A montage of some of the World Cup’s most incredible moments, with a rendition of John Newman’s ‘Love Me Again’ in the background, is played on the big screens before kickoff at all venues across Qatar. It features Croatia’s ageless maestro Luka Modric celebrating one of his goals that took his side to the final of the last edition of the World Cup four years ago in Russia.
Down on the pitch at the Ahmad Bin Ali Stadium, here was the 37-year-old Modric, looking to inspire a similar run, perhaps even better in his Last Dance. Standing against Modric, his ability, agility and relentless running belying his age, and Croatia was Belgium’s golden generation, which too has aged; this being their last chance to clinch a trophy to show their potential.
The final set of Group ‘F’ games came with a lot of implications for Belgium.
Lose here and they would be out. Even a draw wouldn’t be enough. And certainly not, after Morocco had taken an early lead against Canada in the other group game which was being played over at the Al Thumama Stadium. A draw was enough to seal a last-16 spot for Croatia but they were going for top spot.
Croatia came firing out of the blocks, Ivan Perisic firing wide almost from kickoff. It made for an intriguing contest between midfield dictators Modric and Kevin de Bruyne. The influential Belgian playmaker showed his class with a surging run to set free Dries Mertens but his shot flashed wide.
But Croatia seemed to have their chance in the 15th minute, Yannick Carrasco adjudged to have fouled Andrej Kramaric after a Modric free-kick. The referee immediately pointed to the spot and Modric bore down on his Real Madrid team-mate Thibaut Courtois – the two being vital cogs of the side that won the Champions League just five months ago. “Luka, Luka,” bellowed the Croatian fans. The VAR, though, had spotted something else and the penalty call was overturned after an offside in the buildup by Dejan Lovren. It was marginal but Belgium could breathe.
Goalless at half-time, Belgium unable to find opportunities, Roberto Martinez threw on Romelu Lukaku in place of Mertens in the second half but it was Croatia who almost scored; Courtois turning away a fierce drive from Mateo Kovacic. And then minutes later, he repelled Marcelo Brozovic’s low shot.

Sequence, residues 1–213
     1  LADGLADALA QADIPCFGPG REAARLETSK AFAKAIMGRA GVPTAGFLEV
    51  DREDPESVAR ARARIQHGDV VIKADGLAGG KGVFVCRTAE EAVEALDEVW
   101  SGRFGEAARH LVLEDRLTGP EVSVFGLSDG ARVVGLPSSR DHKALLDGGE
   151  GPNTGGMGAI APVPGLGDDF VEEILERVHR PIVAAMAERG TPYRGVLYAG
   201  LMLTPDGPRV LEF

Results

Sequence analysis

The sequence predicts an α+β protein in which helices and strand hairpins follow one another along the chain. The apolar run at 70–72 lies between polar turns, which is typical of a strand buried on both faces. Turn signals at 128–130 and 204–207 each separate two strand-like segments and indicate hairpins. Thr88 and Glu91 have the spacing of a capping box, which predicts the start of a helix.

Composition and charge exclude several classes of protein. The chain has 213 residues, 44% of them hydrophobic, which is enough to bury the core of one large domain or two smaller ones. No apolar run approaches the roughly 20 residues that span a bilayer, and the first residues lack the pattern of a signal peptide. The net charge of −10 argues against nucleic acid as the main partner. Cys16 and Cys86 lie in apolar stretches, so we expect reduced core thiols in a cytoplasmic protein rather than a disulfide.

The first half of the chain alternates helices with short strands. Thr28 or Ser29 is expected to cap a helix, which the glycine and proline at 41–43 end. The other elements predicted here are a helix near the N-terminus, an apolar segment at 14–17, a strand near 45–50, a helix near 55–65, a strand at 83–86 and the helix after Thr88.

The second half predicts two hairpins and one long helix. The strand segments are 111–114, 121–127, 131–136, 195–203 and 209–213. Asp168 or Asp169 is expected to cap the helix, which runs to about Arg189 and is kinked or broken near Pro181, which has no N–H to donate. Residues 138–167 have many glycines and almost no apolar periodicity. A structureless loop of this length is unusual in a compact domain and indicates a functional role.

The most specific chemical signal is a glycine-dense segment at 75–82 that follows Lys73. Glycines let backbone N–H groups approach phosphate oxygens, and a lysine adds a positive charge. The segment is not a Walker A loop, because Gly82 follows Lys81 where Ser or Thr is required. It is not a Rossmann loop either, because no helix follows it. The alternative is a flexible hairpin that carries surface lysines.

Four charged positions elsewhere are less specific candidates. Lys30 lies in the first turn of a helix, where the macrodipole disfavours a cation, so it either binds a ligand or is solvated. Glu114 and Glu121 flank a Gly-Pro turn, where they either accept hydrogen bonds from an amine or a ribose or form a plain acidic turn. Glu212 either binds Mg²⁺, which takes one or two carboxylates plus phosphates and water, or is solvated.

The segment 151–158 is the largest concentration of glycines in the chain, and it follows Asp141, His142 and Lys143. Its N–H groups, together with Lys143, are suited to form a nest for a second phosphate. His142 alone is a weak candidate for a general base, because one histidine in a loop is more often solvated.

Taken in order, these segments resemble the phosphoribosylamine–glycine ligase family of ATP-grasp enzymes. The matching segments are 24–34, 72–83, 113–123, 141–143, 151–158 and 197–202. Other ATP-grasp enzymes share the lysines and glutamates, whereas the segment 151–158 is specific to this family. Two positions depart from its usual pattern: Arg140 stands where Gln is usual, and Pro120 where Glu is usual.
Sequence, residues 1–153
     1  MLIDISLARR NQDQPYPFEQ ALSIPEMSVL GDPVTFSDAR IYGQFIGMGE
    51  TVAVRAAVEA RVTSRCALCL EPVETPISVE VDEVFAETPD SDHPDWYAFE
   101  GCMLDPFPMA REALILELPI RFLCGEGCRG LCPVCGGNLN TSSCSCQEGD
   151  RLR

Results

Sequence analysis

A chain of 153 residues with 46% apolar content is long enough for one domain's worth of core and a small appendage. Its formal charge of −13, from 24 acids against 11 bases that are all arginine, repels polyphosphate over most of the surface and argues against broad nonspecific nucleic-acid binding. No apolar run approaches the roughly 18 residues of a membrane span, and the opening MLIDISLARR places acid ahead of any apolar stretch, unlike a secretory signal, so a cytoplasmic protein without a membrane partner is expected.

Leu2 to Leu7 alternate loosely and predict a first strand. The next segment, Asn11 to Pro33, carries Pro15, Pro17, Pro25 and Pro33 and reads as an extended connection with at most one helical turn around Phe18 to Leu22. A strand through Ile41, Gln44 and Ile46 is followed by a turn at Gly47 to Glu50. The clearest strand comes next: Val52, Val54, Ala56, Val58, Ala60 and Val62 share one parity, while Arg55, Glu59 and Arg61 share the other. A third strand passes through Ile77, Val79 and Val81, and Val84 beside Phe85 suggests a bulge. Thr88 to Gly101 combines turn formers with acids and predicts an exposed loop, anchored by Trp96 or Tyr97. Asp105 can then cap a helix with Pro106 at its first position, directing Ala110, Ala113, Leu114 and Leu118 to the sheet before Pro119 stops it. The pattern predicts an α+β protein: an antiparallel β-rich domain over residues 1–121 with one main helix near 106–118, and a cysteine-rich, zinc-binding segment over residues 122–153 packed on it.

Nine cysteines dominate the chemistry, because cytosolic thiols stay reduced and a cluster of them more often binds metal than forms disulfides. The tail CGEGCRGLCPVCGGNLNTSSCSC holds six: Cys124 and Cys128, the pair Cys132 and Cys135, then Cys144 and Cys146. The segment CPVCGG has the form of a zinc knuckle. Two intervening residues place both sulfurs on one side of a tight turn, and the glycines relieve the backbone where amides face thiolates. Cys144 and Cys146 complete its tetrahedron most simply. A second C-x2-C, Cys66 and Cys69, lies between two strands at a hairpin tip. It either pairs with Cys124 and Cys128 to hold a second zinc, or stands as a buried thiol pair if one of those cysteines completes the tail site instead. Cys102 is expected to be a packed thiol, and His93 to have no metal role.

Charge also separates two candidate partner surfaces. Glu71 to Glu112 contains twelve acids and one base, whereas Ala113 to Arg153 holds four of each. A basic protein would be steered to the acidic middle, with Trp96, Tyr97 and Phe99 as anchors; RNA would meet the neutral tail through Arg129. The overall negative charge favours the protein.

Croatia were asking questions of Belgium, forcing the issue. But then out of nothing, Belgium had a big chance on the hour mark. De Bruyne found the pocket of space from which he’s so devastating and released Carrasco on the left side of the box. Carrasco was denied by a swarm of Croatian defenders but the ball broke to Lukaku, whose shot hit the post. The game was really opening up and on the other end, Modric showed brilliant chest control to take down a cross from the left but his volley lacked power and went comfortably to Courtois.
With less than 20 minutes to go, in a last throw of the dice, Martinez threw on Jeremy Doku and Youri Tielemans. But still Belgium found it hard to carve an opening. When it came with five minutes remaining, Lukaku turned away a shot from Thomas Meunier, who was then replaced by Eden Hazard. Hazard’s brother, Thorgan, then sent a cross that Lukaku touched down only for Croatian goalkeeper Dominik Livakovic to gather inches away from the goalline.
Belgium were throwing everything forward and Lukaku was denied by a last-ditch tackle by a stretching Josko Gvardiol. They couldn’t engineer the goal that would take them through. Lukaku had his head in his hands; their fans were in tears. De Bruyne just stared into the distance.
For Belgium, the sad part would be that for all their promise, for all their ability as a collective, the fulfillment never came for them. For Modric and Croatia, a potential last-16 tie against Spain beckons.